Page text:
CARRBORO, NC (WTVD) -- The school shooting that left 10 students dead in Santa Fe, Texas, along with the many other shootings on American school campuses -- was the topic of a special "dramatic performance at Carrboro High School on Friday night.
The event was in the works long before what happened Friday morning, but the latest shooting brought new urgency to the night's search for solutions.
Catharsis on Stage
The students performed what they called, "A Night for the Fight Against Gun Violence." It was short plays, monologues, and a documentary -- dramatizing their demand for a political response to the nation's mass shooting epidemic.
"There's just so much that I feel like can be going on that's not going on with our legislators," said Carrboro High student actress, Ellyana Atwater. "So we have to make sure that they hear us. And I think that's the most important thing that we are trying to do tonight."
Desensitized to Tragedy
Greear Webb is a Raleigh high schooler leading an effort at Sanderson High to fight off the desensitization these massacres can bring -- like what he heard in the hallway about the number of dead as news of Santa Fe began to spread.
"I heard, 'At least it was only 10 (people dead) this time,'" he recalled. "And that was just saddening, really."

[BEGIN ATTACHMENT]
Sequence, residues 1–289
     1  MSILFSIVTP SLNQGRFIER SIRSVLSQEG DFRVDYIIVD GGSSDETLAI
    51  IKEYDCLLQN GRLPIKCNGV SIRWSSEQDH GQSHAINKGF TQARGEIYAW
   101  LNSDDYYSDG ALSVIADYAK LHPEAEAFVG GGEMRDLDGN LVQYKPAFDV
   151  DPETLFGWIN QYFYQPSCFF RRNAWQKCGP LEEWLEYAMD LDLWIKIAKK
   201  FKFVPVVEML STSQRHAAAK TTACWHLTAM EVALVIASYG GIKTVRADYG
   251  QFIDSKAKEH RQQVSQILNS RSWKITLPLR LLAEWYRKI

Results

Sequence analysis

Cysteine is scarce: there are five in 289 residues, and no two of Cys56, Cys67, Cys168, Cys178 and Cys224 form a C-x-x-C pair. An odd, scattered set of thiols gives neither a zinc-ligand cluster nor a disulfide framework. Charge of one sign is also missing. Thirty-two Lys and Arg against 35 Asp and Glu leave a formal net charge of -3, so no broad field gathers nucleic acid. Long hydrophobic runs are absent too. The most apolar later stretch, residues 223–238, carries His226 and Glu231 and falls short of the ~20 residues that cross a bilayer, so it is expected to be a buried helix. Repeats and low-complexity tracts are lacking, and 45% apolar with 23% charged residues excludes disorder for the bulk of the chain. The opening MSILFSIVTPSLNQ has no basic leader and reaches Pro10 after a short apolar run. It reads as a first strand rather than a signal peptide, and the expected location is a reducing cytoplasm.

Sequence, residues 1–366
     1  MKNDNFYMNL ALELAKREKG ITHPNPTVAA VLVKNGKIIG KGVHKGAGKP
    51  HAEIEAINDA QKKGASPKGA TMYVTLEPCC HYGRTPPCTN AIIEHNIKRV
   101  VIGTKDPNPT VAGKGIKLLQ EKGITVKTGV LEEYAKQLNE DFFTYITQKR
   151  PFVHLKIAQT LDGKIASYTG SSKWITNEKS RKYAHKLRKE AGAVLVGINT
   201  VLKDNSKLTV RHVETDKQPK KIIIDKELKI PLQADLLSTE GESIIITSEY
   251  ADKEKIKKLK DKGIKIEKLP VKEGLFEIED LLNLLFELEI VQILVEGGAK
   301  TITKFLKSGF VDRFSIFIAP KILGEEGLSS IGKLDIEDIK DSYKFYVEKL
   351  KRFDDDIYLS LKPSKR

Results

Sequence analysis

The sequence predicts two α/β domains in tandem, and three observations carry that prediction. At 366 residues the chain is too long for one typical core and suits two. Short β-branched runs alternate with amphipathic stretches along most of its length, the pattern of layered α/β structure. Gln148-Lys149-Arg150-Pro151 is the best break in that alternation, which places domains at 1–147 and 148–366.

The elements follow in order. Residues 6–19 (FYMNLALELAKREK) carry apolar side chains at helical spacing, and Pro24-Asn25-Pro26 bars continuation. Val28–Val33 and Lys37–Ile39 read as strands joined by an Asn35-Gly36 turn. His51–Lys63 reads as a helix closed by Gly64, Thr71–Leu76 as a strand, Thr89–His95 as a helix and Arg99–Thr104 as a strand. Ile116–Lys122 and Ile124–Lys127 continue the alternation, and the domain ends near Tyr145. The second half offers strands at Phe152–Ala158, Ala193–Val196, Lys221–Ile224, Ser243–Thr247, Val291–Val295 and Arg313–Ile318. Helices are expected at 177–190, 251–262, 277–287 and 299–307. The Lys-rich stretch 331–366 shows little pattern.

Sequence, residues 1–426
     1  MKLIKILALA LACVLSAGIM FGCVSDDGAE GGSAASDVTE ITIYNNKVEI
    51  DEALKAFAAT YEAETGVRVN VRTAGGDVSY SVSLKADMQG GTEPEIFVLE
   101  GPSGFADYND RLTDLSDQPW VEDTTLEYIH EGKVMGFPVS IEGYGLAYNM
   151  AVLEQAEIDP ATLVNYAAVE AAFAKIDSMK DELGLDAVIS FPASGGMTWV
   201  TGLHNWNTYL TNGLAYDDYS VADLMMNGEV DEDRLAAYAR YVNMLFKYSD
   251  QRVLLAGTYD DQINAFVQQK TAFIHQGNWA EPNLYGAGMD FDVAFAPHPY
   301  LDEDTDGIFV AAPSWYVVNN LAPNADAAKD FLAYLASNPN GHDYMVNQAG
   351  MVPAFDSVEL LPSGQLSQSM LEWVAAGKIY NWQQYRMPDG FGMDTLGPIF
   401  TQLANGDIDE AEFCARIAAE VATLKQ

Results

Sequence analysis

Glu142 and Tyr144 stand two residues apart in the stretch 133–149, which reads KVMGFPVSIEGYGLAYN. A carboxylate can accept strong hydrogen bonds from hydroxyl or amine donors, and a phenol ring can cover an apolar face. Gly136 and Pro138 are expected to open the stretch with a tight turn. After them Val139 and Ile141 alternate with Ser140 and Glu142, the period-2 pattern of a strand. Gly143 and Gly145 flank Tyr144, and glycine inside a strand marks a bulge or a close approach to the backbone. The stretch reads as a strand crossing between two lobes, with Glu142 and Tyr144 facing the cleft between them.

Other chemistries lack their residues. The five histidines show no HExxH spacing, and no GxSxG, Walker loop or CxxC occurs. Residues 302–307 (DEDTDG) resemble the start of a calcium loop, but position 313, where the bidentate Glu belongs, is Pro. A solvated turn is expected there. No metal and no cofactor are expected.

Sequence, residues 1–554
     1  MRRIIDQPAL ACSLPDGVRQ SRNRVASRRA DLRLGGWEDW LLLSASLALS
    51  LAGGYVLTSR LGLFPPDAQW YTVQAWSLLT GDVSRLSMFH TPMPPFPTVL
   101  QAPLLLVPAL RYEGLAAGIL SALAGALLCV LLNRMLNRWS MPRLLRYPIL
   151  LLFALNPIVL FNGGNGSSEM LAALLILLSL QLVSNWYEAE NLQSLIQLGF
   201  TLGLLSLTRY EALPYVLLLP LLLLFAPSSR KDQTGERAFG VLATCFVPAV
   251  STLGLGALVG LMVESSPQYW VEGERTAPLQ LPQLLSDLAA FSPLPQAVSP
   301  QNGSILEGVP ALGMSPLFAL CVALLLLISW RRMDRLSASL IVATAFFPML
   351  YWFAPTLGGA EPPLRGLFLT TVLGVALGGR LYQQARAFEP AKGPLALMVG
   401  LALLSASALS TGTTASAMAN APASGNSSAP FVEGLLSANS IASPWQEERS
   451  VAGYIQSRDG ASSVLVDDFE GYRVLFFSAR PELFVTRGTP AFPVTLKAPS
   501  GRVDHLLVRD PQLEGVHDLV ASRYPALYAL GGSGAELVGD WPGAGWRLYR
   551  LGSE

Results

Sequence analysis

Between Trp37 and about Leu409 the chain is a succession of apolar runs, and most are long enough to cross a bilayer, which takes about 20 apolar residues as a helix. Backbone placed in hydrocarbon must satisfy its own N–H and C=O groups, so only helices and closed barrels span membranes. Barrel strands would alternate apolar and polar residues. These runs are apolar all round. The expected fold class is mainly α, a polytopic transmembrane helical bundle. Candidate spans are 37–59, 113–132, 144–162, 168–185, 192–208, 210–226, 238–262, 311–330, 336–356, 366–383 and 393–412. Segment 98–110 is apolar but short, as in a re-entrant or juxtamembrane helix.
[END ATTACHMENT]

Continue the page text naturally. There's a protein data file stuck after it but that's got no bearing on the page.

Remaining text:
The Los Angeles Times updated its database of gun violence at American schools: Since Sandy Hook, a gun has been fired on school grounds nearly once a week.
NC Town Hall for School Safety
Searching out solutions is the focus of a special town hall at Sanderson High School on May 29.
Webb and his classmates are organizing the event with politicians, mental health and security experts. He's convinced events like this can make a difference.
"I think they really can as long as that leads to action," Webb said. "As long as the community has that open dialogue with their legislators, I think that can lead to action."
The North Carolina Town Hall for School Safety is scheduled for Tuesday,May 29 at 6:30 p.m. at Sanderson High. Webb and his classmates set up their own Twitter page for the event. They fashion themselves as young leaders -- driving the conversation about school safety.